Time Heals All Wounds.. And Then Kills the Patient
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Tue Jun 28 14:16:10 2005
Liquid Baritone Voice

For work, I'm converting a nasty old python/GUI script that runs on a system I want to retire to a perl/Tk script that'll run everywhere. The old was written for GTK1, using GLADE. Apparently nobody ever decided to think about backwards compatibility, or I wouldn't need to do this. Fortunately, it's not all that hard to rewrite things, once I drew a picture of the interface and annotated what bits of code are hooked to what bits of GUI.

Philosophical thought of the day:

You can tell something about how much people care about something by what sacrifices they're willing to make for it. This measure must be understood in context of the values one would sacrifice as well as the tendency of people to not constantly be reevaluating their ways of life to find new optima.

In particular, the latter issue is interesting to me -- as philosophers are ideally more than others designers of their own life and worldview, there is the tension between using habits built from older configurations of values and rebuilding those based on where one's values presently lie. Value drift happens, and so it can't be ignored if one wants to be faithful to one's values, but part of the reason behind building a value system (morals, ethics, etc) is to permit us to make quicker judgements when we're acting in the world by precomputing/predeciding how these values interact. One limits the advantage acquired by such thought when one is continually redoing it, especially if time/energy taken doing so limits too much the time/energy one can spend living life (of course, a certain pleasure in doing so may be present in the task for some for a time, so additional unrelated benefits may acrue for such people when thinking of such things). I don't think there's a strongly principled way to suggest how often one should revisit one's value conclusions -- it seems, like (dissapointingly?) many things in philosophy, to be an issue of judgement.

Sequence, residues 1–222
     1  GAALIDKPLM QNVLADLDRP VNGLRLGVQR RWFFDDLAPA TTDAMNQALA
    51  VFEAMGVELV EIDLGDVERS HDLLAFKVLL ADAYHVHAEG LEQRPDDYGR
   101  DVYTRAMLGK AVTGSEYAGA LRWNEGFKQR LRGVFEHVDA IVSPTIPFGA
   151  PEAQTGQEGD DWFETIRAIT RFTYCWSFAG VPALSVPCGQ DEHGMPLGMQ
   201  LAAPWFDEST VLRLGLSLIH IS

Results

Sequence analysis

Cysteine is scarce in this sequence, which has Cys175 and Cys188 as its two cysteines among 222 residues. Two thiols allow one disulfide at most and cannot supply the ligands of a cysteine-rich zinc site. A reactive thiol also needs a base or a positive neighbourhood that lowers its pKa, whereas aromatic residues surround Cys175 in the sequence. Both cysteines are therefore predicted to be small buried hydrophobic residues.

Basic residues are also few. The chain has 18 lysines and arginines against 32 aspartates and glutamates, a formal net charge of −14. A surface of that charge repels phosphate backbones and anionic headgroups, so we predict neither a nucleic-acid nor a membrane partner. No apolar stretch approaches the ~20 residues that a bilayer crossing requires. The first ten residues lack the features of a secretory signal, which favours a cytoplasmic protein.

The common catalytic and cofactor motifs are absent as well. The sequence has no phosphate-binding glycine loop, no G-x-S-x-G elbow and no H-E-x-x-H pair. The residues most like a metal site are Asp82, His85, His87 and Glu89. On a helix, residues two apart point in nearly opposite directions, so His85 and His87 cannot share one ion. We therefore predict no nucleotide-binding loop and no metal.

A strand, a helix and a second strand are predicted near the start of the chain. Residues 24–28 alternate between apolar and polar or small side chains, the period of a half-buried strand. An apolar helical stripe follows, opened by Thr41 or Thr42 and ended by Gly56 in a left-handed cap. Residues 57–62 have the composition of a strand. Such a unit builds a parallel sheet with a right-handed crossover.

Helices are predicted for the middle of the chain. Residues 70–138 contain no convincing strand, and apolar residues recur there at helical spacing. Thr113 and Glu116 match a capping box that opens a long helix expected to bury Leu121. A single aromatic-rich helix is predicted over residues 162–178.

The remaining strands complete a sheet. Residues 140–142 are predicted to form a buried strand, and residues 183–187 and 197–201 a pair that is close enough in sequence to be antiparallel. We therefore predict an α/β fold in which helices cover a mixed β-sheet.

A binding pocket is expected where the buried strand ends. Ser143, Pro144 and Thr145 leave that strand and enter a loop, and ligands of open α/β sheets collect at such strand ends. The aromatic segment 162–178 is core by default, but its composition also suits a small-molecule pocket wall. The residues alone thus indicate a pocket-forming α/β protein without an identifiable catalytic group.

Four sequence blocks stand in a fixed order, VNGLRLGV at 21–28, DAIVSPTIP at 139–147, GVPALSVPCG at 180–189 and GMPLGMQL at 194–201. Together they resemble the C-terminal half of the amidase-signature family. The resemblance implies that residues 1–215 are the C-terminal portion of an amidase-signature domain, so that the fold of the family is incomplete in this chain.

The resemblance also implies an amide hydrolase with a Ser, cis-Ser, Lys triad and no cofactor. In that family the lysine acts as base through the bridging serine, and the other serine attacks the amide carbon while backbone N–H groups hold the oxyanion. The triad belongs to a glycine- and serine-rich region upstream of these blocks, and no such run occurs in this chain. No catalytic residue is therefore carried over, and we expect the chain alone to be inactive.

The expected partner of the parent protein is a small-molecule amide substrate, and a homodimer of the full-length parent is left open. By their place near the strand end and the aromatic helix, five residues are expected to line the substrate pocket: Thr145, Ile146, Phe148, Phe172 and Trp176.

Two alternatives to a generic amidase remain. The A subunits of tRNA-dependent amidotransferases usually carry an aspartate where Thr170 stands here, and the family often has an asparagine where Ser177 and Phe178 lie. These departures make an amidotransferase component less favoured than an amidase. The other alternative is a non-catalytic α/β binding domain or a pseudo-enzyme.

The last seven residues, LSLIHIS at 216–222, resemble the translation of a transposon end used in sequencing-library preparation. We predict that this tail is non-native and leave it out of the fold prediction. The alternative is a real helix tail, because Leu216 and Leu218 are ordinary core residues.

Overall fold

One heuristic might be to do it when any of the following are true:

  1. when one acquires a large or important shift in value(s) due to an event
  2. when one feels suitably different from where one was before
  3. when an infrequent event where one's action is likely to depend on value conclusions that are likely to no longer be current in a worked out value system
Viewed from this perspective, to wholesale adopt a moral philosophy is akin to a cache injection attack :) I sometimes suspect that people do this either because they're too lazy to build a value system, or are too timid to imagine that they could.